Blount Motorsports crew chief David Bryant summed up life on an auto racing team in one sentence.
“We’re just a high-class traveling circus,” he said.
With lofty expenses and sometimes grueling schedules, it’s certainly not for everyone. That means those involved in the sport love it enough to offset those cons.
Larry Garner, owner of Blount Excavating and the BMS team in Maryville, is among them. He got into racing as a teen before putting it on the back burner to focus on his career and family. When he retired, he dove back into the sport and established his Dirt Super Late Model team in 2006.
Garner said the modern racing world certainly didn’t resemble the one with which he was familiar.
“It was a huge learning curve — there was none of this,” Garner said, gesturing to the cars and their intricate parts in his shop. “(Back then), you’d go into the junk yard, knock the windows out, put a roll bar in, and that was it.”
Garner owns three cars with Rocket X1R chassis, which are driven by Tommy Kerr and Donald McIntosh. Both have gotten in their fair share of accidents, but neither have ever suffered serious injuries from racing.
McIntosh, a 27-year-old who lives in Dawsonville, Georgia, is the team’s primary racer, competing in some 60 competitions from Florida to northern Ohio and anywhere in between.
McIntosh got to know Garner and Bryant through racing and joined the BMS team in 2015.
“The rush — there’s just nothing like it,” McIntosh said. “You don’t get that feeling anywhere other than driving a race car.”
Kerr, a 45-year-old Maryville native, has been racing for almost three decades. He used to invest an extensive amount of time into the sport like McIntosh. Some of his major accomplishments include winning Rookie of the Year honors in the Advance Auto Parts Thunder Series and the 2009 Southern Nationals Championship.
But with two kids and a full-time job at Blount Excavating, it all eventually became too much for Kerr. He now sticks to competing in local races, such as ones at the Smoky Mountain Speedway in Maryville.
“It’s hard to balance the racing life with the family life,” Kerr said. “When you get to a certain age, you’re ready to slow down a little bit. I’m fortunate enough I’m not having to do it for a living. I’m doing it for fun.”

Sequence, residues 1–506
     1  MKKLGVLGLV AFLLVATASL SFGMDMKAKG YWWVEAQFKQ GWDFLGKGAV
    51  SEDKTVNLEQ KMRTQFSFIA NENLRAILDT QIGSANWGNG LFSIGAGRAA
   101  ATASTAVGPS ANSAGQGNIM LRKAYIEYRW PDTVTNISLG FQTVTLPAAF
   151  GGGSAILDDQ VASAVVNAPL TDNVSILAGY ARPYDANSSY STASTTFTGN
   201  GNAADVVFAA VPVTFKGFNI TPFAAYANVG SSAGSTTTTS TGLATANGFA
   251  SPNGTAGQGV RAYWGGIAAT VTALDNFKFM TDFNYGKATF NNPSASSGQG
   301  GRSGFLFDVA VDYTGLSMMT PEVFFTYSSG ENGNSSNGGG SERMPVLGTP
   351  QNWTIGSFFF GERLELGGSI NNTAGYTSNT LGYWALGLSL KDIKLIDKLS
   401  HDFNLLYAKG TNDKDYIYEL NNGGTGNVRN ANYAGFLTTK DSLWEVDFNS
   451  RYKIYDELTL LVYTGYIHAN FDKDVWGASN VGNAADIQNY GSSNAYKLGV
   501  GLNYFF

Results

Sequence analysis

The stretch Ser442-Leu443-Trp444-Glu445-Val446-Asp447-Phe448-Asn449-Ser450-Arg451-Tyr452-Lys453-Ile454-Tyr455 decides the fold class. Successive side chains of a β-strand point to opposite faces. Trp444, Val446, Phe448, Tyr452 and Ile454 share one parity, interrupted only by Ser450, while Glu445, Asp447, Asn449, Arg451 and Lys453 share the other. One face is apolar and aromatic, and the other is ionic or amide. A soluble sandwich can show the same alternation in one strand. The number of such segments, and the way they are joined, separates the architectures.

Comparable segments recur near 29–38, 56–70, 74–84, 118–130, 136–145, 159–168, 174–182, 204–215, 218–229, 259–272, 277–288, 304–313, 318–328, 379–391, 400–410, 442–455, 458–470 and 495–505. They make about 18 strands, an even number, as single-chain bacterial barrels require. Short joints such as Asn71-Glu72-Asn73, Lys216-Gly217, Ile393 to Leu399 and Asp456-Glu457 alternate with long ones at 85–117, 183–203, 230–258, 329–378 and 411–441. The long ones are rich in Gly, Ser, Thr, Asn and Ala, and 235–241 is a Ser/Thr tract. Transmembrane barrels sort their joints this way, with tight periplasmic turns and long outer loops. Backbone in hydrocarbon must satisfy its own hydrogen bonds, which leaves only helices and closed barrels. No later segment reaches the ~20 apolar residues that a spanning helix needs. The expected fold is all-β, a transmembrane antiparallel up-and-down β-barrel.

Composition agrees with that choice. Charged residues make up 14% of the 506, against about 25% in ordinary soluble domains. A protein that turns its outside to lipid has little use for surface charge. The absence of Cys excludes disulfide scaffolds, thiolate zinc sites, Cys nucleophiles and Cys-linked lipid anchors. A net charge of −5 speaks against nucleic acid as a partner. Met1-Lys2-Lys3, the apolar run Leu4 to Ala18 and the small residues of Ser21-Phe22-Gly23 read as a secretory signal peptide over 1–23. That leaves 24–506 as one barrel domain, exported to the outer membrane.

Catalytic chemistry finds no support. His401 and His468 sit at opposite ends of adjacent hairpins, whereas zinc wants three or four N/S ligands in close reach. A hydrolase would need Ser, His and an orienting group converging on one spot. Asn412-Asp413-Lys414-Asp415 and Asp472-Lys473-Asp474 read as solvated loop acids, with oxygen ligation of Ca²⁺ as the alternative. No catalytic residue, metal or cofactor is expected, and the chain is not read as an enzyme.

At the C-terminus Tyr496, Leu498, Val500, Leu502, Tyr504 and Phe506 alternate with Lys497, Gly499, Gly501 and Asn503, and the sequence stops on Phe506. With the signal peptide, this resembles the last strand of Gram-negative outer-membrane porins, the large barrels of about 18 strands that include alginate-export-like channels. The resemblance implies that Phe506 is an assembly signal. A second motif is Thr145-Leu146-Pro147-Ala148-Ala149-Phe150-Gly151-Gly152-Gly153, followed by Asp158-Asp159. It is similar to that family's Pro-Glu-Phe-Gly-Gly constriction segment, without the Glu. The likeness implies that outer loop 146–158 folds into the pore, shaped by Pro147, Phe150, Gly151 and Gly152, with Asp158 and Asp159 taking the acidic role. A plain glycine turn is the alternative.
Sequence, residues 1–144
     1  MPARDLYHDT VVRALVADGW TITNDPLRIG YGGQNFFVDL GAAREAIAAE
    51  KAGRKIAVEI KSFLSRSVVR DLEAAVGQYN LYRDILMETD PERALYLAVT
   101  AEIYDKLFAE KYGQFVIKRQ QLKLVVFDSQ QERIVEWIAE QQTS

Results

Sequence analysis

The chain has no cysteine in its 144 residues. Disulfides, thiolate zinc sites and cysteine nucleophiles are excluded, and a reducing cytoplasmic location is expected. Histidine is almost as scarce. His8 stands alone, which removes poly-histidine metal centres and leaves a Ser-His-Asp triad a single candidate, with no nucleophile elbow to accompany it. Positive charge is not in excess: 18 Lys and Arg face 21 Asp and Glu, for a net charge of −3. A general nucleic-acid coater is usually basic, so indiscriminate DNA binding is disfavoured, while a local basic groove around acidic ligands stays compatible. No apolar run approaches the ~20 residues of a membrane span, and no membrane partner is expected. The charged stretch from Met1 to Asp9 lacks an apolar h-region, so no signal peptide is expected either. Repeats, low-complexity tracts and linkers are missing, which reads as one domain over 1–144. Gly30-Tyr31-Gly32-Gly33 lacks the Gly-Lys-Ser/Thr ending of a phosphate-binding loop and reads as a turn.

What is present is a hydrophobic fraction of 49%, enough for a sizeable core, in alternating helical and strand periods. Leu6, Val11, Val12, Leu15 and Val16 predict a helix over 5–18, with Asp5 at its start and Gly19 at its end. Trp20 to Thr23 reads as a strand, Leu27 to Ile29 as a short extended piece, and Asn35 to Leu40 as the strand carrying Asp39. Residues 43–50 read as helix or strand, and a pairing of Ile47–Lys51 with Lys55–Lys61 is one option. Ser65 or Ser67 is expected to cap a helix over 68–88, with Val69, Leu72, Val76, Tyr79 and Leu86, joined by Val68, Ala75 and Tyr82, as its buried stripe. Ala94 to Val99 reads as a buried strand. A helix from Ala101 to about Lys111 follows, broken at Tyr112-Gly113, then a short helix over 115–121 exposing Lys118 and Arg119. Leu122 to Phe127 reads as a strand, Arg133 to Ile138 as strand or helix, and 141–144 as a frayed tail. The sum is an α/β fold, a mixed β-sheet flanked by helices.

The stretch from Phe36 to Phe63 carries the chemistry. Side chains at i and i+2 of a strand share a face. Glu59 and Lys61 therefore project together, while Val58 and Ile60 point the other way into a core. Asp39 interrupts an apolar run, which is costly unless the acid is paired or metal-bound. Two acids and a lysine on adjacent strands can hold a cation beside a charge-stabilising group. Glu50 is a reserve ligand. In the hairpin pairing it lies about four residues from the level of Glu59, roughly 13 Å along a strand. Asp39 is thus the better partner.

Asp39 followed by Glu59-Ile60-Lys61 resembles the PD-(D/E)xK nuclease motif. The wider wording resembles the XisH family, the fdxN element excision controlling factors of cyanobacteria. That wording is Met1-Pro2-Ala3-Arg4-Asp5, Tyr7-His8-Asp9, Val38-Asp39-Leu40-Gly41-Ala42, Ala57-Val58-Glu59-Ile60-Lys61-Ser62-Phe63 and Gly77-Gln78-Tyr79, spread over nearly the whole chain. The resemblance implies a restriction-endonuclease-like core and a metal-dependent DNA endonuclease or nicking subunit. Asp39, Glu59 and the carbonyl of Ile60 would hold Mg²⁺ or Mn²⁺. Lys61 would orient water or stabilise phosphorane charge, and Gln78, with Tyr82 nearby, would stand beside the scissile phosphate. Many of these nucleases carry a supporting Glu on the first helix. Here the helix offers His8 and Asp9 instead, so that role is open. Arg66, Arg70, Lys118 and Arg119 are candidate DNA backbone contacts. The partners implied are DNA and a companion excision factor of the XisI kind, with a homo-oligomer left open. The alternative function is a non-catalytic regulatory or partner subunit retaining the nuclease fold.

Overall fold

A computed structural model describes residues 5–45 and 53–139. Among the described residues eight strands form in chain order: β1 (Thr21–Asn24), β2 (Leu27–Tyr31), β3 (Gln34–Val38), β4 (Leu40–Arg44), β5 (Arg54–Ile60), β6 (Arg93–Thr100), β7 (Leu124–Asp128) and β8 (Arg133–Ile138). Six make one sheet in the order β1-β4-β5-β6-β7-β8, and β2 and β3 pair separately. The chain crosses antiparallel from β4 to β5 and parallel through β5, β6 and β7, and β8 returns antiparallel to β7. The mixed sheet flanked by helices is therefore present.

In a typical year, the BMS team competes about every weekend from February to November. With three to four men living together in a motorhome for days at a time, there are ups and downs.
Kerr said the team has plenty of road stories before adding in jest, “Probably not anything you’d want to mention in the paper.”
“Road life can be exciting,” he said. “It’s sort of like a marriage — whatever you put into it, you get out of it.”
McIntosh said it’s much easier to get along in close quarters when BMS is winning races, and it has done plenty of that. In Garner’s shop, shelves featuring trophies and oversized checks cover the walls. Purses in the series BMS runs typically range from $4,000 to $10,000. The team has won at least one championship each year since its inception.
Garner said he and Bryant like the checks more than the trophies, although they don’t come close to offsetting the cost of maintaining the vehicles. Sponsors are essential, as Bryant said it typically costs between $2,000 and $3,000 to get a car race-ready each week.
Stanley Best, owner of Stanley Best Heating & Air in Maryville, owns one of the only other racing teams in Blount County, although his doesn’t travel nearly as far or often as Garner’s.
Best said motors used to cost around $20,000 some 25 years ago. Now, they go for around $60,000.
“NASCAR has really pushed us to a different level,” Best said. “The price of it has increased tremendously. It’s just one of those things that’s in your blood. If you love to do it, you love to do it. I’m struck with the curse.”
Despite mounting costs that have made racing increasingly unattainable, Garner and Best’s love for the sport has kept it alive and well in Blount County. In 2010, the pair teamed up with another local businessman, Roger Sellers, and purchased the Smoky Mountain Speedway.
The track, which opened in 1962 and has hosted 12 NASCAR events, was not in operation because of financial issues when the trio got to work reviving it. It reopened that same year and, in 2018, Sellers purchased Garner and Best’s shares to become the sole owner.
Sellers called the track “a dying breed” when he helped purchase it a decade ago. That certainly is no longer the case in Blount County, as was evidenced by the more than 4,000 spectators who packed into the stands at Smoky Mountain Speedway on Saturday night for the Lucas Oil Late Model Dirt Series’ Mountain Moonshine Classic.
McIntosh placed 14th while Kerr took 22nd of 26 in the 60-lap race. The BMS team will return to action this weekend at the World of Outlaws Late Model Series doubleheader at Volunteer Speedway in Greene County.
“I have a passion for racing and they do, too,” Sellers said of Garner and Best. “We were definitely able to salvage the track. … It brings a lot to the area, and I think (the community) really enjoys having us around.”